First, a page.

Applications will be reviewed until a suitable candidate is appointed.
Photosynthesis is the ultimate source of food and energy for almost all forms of life. Using sunlight as the energy input, photosynthesis removes carbon dioxide from the atmosphere generating the oxygen and carbohydrate that support complex life.
To meet the demands of a more populated planet, crop yields need to double by 2050; improving the efficiency of photosynthesis by engineering crop plants is essential to achieve this. A major inefficiency of photosynthesis is that the pigment–protein complexes that absorb light are finely tuned to specific ranges of the solar spectrum, and thus do not effectively harvest the abundant photons at different wavelengths. The aims of this project are to define the components needed to assemble foreign light-harvesting complexes in genetically-tractable bacteria, to use a combination of synthetic biology and directed evolution to tune their absorption properties, and to then transfer them to the evolutionary ancestor of the plant chloroplast, cyanobacteria, to enhance energy capture in an oxygen-evolving organism. The project will reveal the routes to increased light capture efficiency, and the principles defined will be directly applicable to the engineering of crop plants to meet our future needs.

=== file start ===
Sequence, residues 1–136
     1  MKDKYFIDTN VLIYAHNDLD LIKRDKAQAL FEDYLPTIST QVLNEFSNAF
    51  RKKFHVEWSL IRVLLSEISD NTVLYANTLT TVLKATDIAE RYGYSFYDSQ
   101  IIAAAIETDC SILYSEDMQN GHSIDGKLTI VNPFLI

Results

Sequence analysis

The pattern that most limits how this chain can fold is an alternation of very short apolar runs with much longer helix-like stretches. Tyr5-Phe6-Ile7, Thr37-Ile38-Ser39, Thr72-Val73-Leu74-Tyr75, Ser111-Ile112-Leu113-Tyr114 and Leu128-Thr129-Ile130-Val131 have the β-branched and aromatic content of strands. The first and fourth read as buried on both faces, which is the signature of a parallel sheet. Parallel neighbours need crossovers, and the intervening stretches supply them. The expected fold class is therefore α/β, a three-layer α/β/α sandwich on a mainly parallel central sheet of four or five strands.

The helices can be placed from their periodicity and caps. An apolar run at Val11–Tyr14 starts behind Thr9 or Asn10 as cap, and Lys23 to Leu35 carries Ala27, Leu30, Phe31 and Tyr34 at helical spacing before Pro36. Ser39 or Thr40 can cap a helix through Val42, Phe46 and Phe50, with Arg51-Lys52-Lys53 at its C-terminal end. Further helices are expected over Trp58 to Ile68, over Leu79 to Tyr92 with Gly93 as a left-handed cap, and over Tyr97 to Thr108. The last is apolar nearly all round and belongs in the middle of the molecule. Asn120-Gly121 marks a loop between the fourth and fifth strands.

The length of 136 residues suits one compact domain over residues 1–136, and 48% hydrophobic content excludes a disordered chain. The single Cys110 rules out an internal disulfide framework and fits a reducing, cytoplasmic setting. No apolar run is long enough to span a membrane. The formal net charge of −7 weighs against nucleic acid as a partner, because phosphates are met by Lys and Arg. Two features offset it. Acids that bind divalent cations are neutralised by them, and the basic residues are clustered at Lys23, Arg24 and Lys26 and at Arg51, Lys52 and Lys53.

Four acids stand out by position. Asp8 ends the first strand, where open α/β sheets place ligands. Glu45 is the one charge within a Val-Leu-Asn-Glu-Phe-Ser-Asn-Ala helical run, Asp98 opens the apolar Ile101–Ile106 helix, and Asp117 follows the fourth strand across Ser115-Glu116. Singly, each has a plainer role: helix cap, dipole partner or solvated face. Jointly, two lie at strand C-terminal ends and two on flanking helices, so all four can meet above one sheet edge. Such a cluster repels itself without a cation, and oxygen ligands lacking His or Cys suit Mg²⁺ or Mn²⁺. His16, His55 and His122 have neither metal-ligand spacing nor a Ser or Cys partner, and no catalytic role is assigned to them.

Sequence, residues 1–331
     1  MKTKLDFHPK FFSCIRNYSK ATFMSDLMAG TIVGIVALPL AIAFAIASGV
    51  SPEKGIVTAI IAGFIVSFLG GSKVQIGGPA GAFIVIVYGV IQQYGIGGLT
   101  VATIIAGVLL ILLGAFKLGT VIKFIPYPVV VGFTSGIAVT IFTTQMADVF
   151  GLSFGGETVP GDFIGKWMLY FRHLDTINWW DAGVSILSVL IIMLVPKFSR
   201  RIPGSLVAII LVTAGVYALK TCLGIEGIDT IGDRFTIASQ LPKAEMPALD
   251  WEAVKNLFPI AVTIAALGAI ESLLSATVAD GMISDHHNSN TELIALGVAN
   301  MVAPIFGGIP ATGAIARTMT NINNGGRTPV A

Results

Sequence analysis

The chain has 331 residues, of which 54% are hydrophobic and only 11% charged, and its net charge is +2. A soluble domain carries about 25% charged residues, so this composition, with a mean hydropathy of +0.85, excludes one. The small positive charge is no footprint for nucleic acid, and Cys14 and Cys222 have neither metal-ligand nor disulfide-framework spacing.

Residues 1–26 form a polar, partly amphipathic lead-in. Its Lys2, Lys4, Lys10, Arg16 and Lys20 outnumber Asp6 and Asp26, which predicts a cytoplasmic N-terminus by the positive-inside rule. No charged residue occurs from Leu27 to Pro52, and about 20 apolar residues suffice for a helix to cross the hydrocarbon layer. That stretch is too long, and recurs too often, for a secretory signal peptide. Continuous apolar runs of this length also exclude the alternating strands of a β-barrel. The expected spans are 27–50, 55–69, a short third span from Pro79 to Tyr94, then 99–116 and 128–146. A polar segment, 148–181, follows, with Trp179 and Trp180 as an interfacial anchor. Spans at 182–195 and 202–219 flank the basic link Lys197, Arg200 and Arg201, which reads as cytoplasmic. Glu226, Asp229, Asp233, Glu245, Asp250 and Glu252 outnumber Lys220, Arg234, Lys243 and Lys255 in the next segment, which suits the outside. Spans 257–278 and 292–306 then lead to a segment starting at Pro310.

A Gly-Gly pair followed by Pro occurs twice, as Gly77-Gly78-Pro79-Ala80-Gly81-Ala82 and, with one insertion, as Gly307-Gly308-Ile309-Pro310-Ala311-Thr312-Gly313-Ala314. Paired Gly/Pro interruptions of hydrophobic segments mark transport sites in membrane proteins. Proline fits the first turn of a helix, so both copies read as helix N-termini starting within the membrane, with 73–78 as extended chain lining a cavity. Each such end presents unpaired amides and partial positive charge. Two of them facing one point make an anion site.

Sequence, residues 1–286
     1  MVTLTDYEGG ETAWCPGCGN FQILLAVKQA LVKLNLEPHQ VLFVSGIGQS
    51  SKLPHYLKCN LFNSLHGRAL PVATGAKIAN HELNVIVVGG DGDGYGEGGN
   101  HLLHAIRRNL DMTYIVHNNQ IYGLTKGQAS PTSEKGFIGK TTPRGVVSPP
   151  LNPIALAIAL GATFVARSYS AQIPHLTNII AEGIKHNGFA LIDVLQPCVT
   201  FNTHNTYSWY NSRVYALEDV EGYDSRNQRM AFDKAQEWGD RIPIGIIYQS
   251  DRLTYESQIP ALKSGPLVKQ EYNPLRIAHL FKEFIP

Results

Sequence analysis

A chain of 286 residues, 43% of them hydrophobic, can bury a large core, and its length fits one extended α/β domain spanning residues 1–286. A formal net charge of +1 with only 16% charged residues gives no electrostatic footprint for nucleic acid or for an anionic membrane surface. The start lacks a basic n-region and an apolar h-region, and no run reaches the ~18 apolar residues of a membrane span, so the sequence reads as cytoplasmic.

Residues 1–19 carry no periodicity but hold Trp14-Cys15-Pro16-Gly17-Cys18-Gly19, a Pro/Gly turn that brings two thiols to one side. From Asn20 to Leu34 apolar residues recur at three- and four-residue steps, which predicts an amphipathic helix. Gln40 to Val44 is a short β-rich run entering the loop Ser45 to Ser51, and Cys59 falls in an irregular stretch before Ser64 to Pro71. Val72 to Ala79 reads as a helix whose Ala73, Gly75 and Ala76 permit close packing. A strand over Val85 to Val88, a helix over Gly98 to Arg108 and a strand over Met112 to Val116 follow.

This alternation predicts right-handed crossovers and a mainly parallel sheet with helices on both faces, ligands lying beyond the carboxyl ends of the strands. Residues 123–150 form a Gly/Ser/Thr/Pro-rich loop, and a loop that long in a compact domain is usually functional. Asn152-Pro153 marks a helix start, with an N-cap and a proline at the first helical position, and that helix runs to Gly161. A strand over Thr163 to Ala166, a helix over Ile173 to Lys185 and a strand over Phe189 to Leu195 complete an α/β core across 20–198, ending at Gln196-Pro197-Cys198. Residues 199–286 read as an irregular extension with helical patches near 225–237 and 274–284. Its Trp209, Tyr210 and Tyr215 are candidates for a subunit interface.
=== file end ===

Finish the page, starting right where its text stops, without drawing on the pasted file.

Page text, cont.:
Candidates should be highly motivated and hold/expect to hold a Masters’ degree or a BSc at first or high 2:1 class in biochemistry / molecular biology / microbiology or equivalent, and have experience of working in a laboratory.
The successful candidate will receive extensive training in all relevant techniques as part of the collaborative, multidisciplinary Photosynthesis, Plants & Energy research group, and will have access to world-leading facilities in the Institute of Systems, Molecular & Integrative Biology at the University of Liverpool.
For any enquiries or to express your interest in applying please contact Dr Daniel Canniffe on: firstname.lastname@example.org